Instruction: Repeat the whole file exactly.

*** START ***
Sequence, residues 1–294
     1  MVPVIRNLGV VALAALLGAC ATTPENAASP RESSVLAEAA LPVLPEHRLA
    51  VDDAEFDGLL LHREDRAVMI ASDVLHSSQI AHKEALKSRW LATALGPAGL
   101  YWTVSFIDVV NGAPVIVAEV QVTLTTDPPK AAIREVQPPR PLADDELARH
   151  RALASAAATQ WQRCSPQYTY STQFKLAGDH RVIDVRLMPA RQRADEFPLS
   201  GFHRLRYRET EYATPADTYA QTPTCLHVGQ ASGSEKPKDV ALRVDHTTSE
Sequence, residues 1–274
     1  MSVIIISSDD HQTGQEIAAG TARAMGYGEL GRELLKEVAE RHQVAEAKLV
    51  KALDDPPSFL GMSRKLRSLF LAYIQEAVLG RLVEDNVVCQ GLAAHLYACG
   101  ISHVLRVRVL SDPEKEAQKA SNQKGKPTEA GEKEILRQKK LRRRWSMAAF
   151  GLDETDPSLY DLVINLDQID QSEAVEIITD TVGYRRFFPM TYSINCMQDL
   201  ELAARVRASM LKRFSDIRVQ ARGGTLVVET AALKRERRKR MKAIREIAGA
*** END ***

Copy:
Sequence, residues 1–294
     1  MVPVIRNLGV VALAALLGAC ATTPENAASP RESSVLAEAA LPVLPEHRLA
    51  VDDAEFDGLL LHREDRAVMI ASDVLHSSQI AHKEALKSRW LATALGPAGL
   101  YWTVSFIDVV NGAPVIVAEV QVTLTTDPPK AAIREVQPPR PLADDELARH
   151  RALASAAATQ WQRCSPQYTY STQFKLAGDH RVIDVRLMPA RQRADEFPLS
   201  GFHRLRYRET EYATPADTYA QTPTCLHVGQ ASGSEKPKDV ALRVDHTTSE
Sequence, residues 1–274
     1  MSVIIISSDD HQTGQEIAAG TARAMGYGEL GRELLKEVAE RHQVAEAKLV
    51  KALDDPPSFL GMSRKLRSLF LAYIQEAVLG RLVEDNVVCQ GLAAHLYACG
   101  ISHVLRVRVL SDPEKEAQKA SNQKGKPTEA GEKEILRQKK LRRRWSMAAF
   151  GLDETDPSLY DLVINLDQID QSEAVEIITD TVGYRRFFPM TYSINCMQDL
   201  ELAARVRASM LKRFSDIRVQ ARGGTLVVET AALKRERRKR MKAIREIAGA